But lets say you put a lid on the box of balls, and stuffed more in, now you can shake it much harder, and the balls have nowhere to go (they are in an enclosed space), now the amplitude limit is much higher.

Pitch is the wavelength, loudness is the amplitude, and the conductivity is how quickly sound waves travel through a medium. There is a maximum amplitude and frequency that sound waves can move through air. Above a certain point, the molecules just can’t move around any faster without heating up and knocking each other to far away to conduct sound (a huge fireball of plasma), and the same with amplitude where something too loud, would literally just shake the air to the point it flew apart and wasn’t conducting sound.

The maximum amount of sound energy that air could transmit would depend on the frequency of the sound, the air pressure and density, humidity, and whether that sound was open, or in a confined space.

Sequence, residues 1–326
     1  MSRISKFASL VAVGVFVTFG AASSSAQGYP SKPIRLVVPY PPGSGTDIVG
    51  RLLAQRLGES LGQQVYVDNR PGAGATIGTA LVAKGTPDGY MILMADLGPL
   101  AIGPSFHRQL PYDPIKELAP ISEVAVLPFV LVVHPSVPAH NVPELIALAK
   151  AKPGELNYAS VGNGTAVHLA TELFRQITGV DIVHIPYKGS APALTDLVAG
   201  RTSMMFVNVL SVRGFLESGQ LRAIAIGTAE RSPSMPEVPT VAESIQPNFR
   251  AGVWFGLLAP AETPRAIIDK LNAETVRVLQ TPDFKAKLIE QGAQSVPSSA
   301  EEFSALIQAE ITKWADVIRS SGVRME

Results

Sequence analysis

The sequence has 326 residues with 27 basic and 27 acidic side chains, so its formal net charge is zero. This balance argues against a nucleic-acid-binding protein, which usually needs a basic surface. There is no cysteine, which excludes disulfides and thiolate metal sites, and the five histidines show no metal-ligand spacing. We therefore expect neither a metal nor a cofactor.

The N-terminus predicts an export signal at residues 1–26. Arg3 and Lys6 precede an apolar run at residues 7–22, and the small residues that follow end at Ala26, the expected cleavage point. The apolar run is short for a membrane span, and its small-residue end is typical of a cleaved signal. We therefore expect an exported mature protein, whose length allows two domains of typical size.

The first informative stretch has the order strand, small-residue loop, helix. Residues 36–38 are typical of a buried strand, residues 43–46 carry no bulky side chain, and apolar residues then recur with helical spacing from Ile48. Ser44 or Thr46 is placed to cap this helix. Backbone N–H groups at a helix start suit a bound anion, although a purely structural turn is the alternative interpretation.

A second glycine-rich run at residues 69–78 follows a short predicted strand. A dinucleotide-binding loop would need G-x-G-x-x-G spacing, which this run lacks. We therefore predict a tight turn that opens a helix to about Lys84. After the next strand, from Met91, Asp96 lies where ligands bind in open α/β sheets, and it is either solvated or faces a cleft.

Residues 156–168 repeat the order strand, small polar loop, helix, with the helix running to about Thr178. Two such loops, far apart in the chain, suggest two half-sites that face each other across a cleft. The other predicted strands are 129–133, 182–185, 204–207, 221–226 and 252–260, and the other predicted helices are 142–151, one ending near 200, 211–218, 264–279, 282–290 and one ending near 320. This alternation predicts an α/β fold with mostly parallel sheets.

The frequency of the sound wave is the pitch, the amplitude is what we commonly call “volume”. The speed at which the wave moves is fix, it’s the speed of sound. Speed of sound varies only based on the material it travels through and its density. Higher density gives higher speed of sound.

There is a maximum volume, it is called shockwave.

That sphere of vapor that you see moving away from an explosion faster than the explosion itself (the extreme compression forces the water to separate from the air).

Mind that the max volume is so high that it can be reached only with gigantic explosions (2000 kg of tnt and up) and volcanoes explosions.

Above max volume there is only silence, and a deadly wave that disintegrate you. Atomic bombs are silent at short distance.